Can An Individual Raise The Concept Of Equity In Oppression Suit?

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Can An Individual Raise The Concept Of Equity In Oppression Suit?

February 20, 2021 Corporate & Commercial Disputes 0

Can equity comes into play in an oppression suit? In this article, we will briefly discuss this issue.

The law in relation to this topic

First thing’s first, what is “Oppression”?

Under section 346 of the Companies Act, oppression happens when the actions of the company (in regards to the treatment of the shareholders of the company) departs from the standard of fair dealing and violates the conditions of fair play which a shareholder of the company is entitled to expect from the company. 

In Re Tong Eng Sdn Bhd (Loh Loon Keng, Petitioner), the court noted that:

“Mismanagement of the company does not necessarily constitute oppression or disregard of a member’s interests. Nor, indeed, does the fact that a member is consistently outvoted mean that he is oppressed or that his interests are being disregarded. It should be remembered that the majority also has rights. Section 216 (the Singapore counterpart of section 346 of our Companies Act) does not give jurisdiction to the court to interfere with the internal management of companies which are being managed honestly and in accordance with the law.”

Simply put, the courts will not intervene with how the company is being run until and unless there is evidence to say that the company shareholders are being oppressed by the company.

Secondly, what is equity?

The dictionary define equity as:

  1. The English translation for the Latin word “Aequus”, which means fair/ just/ impartial; and
  2. A system of doctrines and procedures in the legal field which developed side by side with the common law and statute law, having originated in the doctrines and procedures evolved by the court of chancery in its attempts to remedy some of the defects of the common law. 

in legal terms, equity is the doctrine of fair/ just/ impartiality that is developed side by side with the common law and statute law to remedy the defects in the laws.

That being said, in order to raise the doctrine of equity in court, the person who wishes to raise it must come with “clean hands” i.e. the person must ensure that his conduct (in regards to the claim) is proper/ is not intended to circumvent the law/ is not illegal. However, his conduct is confined to the circumstances of the case, meaning that the “cleanliness” required to be judged must be in relation to the claim in hand and nothing else.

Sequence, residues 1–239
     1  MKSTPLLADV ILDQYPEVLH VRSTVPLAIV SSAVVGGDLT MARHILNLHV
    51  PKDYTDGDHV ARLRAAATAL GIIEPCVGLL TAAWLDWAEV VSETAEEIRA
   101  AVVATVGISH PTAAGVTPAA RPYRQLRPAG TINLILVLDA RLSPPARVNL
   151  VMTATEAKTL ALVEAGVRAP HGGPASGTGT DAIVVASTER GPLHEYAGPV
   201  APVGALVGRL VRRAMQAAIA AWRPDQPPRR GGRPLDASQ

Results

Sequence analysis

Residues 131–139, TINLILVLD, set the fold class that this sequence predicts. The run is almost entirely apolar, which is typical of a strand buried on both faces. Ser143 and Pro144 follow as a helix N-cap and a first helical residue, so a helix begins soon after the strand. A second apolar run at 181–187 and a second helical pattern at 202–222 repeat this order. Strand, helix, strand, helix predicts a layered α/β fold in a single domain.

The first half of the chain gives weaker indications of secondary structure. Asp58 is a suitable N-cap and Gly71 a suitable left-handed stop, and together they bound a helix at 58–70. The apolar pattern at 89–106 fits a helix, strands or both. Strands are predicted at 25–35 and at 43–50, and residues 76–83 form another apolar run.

So, can equity comes into play? 

Generally, no. in Re Kong Thai Sawmill (Miri) Sdn Bhd, the court noted that:

“…a member of a company will not ordinarily be entitled to complain of unfairness unless there has been some breach of the terms on which he agreed that the affairs of the company should be conducted…”

Why? as mentioned above, the courts will not generally intervene just because the minorities are being out-voted by the majorities. As long as the company is being managed in a proper manner, even if it means that the majority constantly has the upper hand when it comes to decision making, the court will have no jurisdiction over the complaints. 

It is a different story in a quasi-partnership company (i.e. a company that possesses all of the characteristics of a partnership, including a relationship of mutual trust and confidence between the participants). In such a scenario, the court held that members are obliged in law to observe, namely to act in good faith, to one another. This applies to a family-run/ oriented company as well, which also possesses to a certain extent, the characteristics of a partnership mentioned above. However (and as mentioned above), the party who claims equity in relation to an oppression suit must come to the courts with clean hands.

We will share more on a quasi-partnership company in the future, so stay tuned for more.

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